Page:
***Psychology offers three general propositions for understanding and intervening to increase uptake where vaccines are available and affordable. The first proposition is that thoughts and feelings can motivate getting vaccinated. Hundreds of studies have shown that risk beliefs and anticipated regret about infectious disease correlate reliably with getting vaccinated; low confidence in vaccine effectiveness and concern about safety correlate reliably with not getting vaccinated. We were surprised to find that few randomized trials have successfully changed what people think and feel about vaccines, and those few that succeeded were minimally effective in increasing uptake. The second proposition is that social processes can motivate getting vaccinated. Substantial research has shown that social norms are associated with vaccination, but few interventions examined whether normative messages increase vaccination uptake. Many experimental studies have relied on hypothetical scenarios to demonstrate that altruism and free riding (i.e., taking advantage of the protection provided by others) can affect intended behavior, but few randomized trials have tested strategies to change social processes to increase vaccination uptake. The third proposition is that interventions can facilitate vaccination directly by leveraging, but not trying to change, what people think and feel. These interventions are by far the most plentiful and effective in the literature. To increase vaccine uptake, these interventions build on existing favorable intentions by facilitating action (through reminders, prompts, and primes) and reducing barriers (through logistics and healthy defaults); these interventions also shape behavior (through incentives, sanctions, and requirements). Although identification of principles for changing thoughts and feelings to motivate vaccination is a work in progress, psychological principles can now inform the design of systems and policies to directly facilitate action.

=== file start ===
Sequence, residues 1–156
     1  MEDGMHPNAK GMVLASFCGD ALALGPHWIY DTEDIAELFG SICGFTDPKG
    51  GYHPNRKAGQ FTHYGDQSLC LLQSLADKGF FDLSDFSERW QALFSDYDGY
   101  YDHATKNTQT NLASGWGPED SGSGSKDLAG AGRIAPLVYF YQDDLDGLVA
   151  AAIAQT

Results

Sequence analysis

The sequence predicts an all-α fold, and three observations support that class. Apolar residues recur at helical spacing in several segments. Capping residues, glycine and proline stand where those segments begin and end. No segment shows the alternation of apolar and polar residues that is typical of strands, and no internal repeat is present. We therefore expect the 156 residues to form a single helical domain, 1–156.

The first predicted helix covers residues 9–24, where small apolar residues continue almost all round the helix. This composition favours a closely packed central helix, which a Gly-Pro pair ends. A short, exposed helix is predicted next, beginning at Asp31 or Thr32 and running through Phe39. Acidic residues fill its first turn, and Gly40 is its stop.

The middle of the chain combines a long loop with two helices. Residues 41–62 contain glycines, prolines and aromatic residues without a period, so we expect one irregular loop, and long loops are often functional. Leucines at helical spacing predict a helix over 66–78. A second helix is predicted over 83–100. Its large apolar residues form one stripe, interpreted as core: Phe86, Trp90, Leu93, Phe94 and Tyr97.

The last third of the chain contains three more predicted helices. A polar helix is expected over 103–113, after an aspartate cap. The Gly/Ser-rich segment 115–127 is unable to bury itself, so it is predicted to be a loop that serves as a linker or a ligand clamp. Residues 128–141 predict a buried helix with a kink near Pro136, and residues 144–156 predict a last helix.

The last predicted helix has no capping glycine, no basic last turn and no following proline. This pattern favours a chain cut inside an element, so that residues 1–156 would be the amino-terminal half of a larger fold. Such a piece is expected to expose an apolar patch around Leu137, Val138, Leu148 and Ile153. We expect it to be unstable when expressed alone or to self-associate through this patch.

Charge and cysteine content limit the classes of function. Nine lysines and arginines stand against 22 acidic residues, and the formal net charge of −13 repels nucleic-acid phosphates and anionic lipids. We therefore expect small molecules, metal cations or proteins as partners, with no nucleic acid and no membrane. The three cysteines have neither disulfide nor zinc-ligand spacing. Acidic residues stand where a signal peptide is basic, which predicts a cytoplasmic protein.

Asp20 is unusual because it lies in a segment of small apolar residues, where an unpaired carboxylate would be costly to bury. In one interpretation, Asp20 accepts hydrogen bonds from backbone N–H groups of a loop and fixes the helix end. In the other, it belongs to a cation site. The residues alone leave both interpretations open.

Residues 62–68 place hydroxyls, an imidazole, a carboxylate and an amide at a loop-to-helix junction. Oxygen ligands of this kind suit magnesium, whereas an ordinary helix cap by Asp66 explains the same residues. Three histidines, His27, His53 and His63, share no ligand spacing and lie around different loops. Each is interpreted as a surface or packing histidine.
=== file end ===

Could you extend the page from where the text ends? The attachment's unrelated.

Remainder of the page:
Putting back users to the forefront: sustainable engagement tips from behavioral science